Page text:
Peer-reviewed article by Evgeni Aizenberg and Jeroen van den Hoven.
Published in Big Data & Society.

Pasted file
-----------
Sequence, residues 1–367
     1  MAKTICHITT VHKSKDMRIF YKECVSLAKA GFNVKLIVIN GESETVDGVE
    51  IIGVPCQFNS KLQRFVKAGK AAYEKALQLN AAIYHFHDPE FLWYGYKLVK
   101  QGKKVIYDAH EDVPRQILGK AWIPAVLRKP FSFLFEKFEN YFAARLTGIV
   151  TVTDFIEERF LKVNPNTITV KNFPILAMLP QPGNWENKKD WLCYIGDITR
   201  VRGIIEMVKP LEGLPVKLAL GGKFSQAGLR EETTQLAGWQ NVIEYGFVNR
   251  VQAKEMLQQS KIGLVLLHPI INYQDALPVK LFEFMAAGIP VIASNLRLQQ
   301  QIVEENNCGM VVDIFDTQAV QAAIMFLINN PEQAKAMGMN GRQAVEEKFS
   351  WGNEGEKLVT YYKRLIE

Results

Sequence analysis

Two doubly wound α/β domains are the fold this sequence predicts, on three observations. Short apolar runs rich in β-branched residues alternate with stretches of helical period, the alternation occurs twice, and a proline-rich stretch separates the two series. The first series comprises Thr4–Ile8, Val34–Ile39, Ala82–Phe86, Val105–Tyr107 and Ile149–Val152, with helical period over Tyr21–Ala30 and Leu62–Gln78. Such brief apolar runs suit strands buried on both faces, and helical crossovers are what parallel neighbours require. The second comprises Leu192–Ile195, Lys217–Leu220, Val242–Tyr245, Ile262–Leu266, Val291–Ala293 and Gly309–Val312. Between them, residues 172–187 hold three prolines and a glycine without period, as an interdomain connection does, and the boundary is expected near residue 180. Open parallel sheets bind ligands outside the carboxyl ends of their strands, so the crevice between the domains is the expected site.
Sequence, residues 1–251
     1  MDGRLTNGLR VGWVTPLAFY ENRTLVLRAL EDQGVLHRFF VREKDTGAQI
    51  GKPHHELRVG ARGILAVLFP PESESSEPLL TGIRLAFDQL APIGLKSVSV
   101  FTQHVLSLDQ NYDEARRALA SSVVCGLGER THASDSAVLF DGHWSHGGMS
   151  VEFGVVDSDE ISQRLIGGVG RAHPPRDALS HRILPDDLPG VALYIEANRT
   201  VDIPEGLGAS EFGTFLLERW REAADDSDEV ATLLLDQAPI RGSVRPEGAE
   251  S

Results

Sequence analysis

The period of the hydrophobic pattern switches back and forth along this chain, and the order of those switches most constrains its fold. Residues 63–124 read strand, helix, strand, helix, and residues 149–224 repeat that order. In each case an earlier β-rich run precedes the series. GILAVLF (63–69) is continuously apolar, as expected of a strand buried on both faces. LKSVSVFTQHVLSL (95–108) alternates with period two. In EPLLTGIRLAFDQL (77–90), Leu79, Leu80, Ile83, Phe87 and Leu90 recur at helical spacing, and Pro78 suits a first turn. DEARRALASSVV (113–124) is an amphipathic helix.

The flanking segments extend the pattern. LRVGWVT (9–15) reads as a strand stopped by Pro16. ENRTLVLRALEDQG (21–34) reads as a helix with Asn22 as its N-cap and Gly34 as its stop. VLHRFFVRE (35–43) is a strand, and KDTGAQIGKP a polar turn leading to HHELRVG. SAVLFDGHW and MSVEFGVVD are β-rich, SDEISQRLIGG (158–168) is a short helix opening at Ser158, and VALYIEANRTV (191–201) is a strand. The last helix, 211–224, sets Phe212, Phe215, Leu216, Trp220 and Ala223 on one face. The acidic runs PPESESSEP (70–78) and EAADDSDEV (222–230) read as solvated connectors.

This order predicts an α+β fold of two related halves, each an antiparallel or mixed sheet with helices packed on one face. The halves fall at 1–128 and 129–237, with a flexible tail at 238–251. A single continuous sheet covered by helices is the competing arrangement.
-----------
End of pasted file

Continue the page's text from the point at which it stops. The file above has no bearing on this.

In the age of Big Data, companies and governments are increasingly using algorithms to inform hiring decisions, employee management, policing, credit scoring, insurance pricing, and many more aspects of our lives. Artificial intelligence (AI) systems can help us make evidence-driven, efficient decisions, but can also confront us with unjustified, discriminatory decisions wrongly assumed to be accurate because they are made automatically and quantitatively. It is becoming evident that these technological developments are consequential to people’s fundamental human rights. Despite increasing attention to these urgent challenges in recent years, technical solutions to these complex socio-ethical problems are often developed without empirical study of societal context and the critical input of societal stakeholders who are impacted by the technology. On the other hand, calls for more ethically and socially aware AI often fail to provide answers for how to proceed beyond stressing the importance of transparency, explainability, and fairness. Bridging these socio-technical gaps and the deep divide between abstract value language and design requirements is essential to facilitate nuanced, context-dependent design choices that will support moral and social values. In this paper, we bridge this divide through the framework of Design for Values, drawing on methodologies of Value Sensitive Design and Participatory Design to present a roadmap for proactively engaging societal stakeholders to translate fundamental human rights into context-dependent design requirements through a structured, inclusive, and transparent process.